The term steampunk means a lot of things. The first aspects of the genre that generally come to mind involve mostly Victorian era fashion mixed with unnecessary smithing goggles as a fashion accessory coupled with clockwork backdrops and cleverly bronze-looking re-imaginings of modern technology. Steampunk as a genre in fiction doesn’t generally have a lot of steam-powered computers, but the name does imply steam and there are definitely things that are steam-powered, despite the clockwork aesthetic being more prevalent than the actual steam usage.
One of the long-standing symbols of steampunk has been dirigibles (or zeppelins), which show up in everything from Homunculus to Boneshaker to Leviathan and everything in between. Whether or not these flying machines are actually supposed to be steam-powered or they are just a cool ship that feels very Victorian is unclear, but it is worth examining the idea of a zeppelin completely powered by steam and what would actually have to go into making such a thing a reality.
The basic premise of using steam as an energy source is that the steam is hot and capable of creating pressure and thus is creating energy much in the way a combustion engine creates pressure that move pistons. The problem is that to generate the steam to begin with there needs to be some kind of external power source to create the reaction that actually generates steam. If you want to steam hot dogs, you don’t just throw hot dogs on the steamer– you have to either turn it on with electricity or put it on a stove-top and heat the water to generate the steam. This makes problem one basically that without an external energy source, the steam couldn’t work, so therefore it would only be steam-powered in the way that a steam engine is. Nothing is just steam, there is always something else.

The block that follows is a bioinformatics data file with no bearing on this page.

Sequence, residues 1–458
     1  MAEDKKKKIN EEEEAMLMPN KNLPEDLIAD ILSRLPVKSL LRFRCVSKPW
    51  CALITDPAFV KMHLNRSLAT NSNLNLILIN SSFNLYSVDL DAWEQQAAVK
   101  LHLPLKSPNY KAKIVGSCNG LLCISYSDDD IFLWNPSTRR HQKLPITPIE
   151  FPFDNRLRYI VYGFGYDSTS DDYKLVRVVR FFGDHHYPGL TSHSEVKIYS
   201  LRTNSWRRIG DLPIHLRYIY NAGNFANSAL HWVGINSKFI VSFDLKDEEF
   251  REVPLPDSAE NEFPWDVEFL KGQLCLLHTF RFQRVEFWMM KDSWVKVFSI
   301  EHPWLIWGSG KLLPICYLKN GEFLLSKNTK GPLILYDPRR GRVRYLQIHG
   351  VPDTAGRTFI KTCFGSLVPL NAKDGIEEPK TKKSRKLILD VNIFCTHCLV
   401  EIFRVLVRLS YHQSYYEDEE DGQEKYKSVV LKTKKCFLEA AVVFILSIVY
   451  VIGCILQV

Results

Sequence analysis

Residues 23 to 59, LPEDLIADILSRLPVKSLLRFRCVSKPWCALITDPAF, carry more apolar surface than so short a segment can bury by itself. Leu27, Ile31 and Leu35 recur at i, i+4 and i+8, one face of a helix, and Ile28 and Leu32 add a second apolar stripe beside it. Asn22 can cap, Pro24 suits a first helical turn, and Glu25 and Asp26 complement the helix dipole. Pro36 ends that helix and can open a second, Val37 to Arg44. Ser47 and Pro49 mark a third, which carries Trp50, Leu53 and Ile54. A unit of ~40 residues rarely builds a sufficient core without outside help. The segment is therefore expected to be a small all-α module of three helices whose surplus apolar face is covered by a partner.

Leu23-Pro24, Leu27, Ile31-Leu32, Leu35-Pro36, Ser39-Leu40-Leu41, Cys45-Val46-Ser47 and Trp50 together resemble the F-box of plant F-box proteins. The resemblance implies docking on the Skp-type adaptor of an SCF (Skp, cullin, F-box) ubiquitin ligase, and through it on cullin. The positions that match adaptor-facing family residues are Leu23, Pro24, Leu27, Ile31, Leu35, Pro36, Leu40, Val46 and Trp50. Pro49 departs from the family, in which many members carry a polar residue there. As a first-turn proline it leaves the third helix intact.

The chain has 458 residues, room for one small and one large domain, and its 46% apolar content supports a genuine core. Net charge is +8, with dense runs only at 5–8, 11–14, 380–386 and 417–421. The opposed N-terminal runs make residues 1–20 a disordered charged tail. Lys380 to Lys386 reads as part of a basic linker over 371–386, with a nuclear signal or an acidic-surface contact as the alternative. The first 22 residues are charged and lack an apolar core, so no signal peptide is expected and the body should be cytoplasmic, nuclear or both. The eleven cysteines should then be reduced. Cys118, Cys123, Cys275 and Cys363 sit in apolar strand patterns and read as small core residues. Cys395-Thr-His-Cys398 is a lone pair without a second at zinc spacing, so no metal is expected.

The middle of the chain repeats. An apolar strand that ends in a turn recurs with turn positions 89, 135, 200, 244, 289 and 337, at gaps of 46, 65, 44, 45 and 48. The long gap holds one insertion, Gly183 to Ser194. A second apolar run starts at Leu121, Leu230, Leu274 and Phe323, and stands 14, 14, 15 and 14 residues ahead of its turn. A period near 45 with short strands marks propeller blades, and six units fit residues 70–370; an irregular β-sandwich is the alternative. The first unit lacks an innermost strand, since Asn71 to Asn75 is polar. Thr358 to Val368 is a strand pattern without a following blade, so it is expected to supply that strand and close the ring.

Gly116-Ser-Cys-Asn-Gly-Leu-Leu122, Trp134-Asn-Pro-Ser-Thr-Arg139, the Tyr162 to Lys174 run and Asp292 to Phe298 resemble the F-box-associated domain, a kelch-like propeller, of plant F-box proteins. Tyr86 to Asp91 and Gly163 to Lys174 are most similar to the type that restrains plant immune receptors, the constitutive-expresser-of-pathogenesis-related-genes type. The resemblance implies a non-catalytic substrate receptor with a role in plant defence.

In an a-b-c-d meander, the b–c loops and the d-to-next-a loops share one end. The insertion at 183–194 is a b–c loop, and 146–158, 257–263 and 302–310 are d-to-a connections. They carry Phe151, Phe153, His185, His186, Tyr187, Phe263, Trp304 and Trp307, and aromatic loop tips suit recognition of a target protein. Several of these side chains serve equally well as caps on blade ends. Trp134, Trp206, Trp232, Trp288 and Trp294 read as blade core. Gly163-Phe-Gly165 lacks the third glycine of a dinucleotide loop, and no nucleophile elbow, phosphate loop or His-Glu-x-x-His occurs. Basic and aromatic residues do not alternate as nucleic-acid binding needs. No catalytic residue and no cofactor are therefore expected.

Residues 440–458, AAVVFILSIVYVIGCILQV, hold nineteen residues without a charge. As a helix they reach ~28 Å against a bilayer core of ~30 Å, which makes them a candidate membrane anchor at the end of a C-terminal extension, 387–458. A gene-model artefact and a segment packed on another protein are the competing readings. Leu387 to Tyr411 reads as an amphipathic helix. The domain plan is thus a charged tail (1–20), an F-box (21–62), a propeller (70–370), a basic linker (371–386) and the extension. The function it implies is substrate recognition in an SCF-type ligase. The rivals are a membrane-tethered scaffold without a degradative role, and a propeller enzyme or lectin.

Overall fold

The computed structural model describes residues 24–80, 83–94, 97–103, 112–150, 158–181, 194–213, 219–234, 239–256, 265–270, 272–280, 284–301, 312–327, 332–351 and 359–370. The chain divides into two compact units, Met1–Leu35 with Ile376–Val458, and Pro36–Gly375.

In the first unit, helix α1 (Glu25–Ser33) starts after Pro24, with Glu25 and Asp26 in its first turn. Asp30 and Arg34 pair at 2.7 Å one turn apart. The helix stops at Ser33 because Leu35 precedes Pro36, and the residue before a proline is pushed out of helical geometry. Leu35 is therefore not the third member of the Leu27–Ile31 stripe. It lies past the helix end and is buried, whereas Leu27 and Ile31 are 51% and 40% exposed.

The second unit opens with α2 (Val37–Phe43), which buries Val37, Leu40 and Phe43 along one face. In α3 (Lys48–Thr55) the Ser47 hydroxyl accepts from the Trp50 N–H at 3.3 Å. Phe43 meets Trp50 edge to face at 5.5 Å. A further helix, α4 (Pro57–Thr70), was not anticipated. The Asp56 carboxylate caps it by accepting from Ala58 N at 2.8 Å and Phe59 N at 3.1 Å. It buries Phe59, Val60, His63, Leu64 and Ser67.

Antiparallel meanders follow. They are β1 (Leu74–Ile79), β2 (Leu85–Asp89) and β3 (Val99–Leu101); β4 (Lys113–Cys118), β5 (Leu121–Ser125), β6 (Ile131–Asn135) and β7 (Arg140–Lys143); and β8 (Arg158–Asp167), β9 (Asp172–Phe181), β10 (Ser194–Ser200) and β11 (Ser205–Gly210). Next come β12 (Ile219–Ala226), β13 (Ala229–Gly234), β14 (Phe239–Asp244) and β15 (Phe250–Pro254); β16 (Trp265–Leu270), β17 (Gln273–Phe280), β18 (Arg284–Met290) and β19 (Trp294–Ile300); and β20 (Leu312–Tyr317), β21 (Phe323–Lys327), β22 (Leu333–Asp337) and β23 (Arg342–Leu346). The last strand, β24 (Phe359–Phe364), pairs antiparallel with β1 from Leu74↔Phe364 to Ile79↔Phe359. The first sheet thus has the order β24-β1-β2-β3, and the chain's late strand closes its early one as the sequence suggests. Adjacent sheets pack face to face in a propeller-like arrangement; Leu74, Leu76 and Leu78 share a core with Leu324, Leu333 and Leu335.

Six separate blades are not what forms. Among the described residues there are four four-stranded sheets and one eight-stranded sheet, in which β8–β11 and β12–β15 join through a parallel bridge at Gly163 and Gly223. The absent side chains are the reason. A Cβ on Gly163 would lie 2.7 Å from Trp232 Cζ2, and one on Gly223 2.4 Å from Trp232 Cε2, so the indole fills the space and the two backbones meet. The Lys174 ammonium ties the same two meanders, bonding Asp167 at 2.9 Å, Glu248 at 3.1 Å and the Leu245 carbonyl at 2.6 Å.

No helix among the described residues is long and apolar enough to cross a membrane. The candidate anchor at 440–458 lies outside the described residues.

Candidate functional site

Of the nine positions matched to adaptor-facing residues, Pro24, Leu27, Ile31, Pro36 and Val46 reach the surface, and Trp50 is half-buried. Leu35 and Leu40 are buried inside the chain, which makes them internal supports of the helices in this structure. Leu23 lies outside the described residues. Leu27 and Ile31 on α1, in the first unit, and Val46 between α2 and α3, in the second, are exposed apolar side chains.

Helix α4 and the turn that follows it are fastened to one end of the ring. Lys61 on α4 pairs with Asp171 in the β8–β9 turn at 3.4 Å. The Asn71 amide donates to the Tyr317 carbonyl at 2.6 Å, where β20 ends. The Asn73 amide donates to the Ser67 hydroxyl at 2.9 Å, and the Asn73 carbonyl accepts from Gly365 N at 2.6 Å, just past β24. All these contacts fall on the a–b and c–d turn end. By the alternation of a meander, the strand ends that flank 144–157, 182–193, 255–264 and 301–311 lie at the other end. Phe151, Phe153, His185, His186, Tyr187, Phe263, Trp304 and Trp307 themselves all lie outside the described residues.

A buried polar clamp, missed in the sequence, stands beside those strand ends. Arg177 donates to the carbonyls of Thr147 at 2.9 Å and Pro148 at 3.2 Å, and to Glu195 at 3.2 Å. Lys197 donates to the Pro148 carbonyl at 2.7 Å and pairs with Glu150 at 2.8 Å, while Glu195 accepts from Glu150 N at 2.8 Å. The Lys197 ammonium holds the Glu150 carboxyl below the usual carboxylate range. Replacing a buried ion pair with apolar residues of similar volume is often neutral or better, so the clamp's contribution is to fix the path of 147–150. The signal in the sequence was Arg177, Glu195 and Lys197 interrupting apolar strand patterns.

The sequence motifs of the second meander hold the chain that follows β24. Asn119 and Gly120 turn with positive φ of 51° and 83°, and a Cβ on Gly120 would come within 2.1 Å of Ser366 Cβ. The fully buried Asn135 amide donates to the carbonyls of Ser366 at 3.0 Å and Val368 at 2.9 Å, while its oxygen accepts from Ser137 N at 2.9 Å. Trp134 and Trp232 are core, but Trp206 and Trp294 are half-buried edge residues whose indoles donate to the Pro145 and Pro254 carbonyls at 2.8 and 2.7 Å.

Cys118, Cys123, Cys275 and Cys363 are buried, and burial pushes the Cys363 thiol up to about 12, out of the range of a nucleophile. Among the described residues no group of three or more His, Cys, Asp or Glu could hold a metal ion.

Steam still accounts for an astounding majority of our power generation. It is well known how important the use of steam as a power source was to modernization and the beginning of the Industrial Revolution, with things like steam locomotives and otherwise giving an energy source that was easy to get as long as you had coal to burn to start the reaction. It seems that for a zeppelin to work it would require a calculation of the amount of weight the machine has to lift (including passengers, contents, and the weight of the ship itself) and make an engine large enough to generate that amount of pressure (note: this is a lot) and somehow both fit it on the ship and make sure to account for the weight of the engine itself in calculating how much energy it needs to generate. It is possible, but so entirely impractical that it would be just about impossible without using a whole lot of modern technology and thus defeating the purpose.
Is any of this important? No. There really is no such thing as a hard science fiction steampunk, unless it were little more than people in Victorian England making clocks and doing nothing at all extravagant, which leaves you with Victorian literature, not steampunk at all. Space travel in the future can be written about with some degree of realism, but you will have a hard time finding steampunk that is anything more then fantasy, and that is just fine.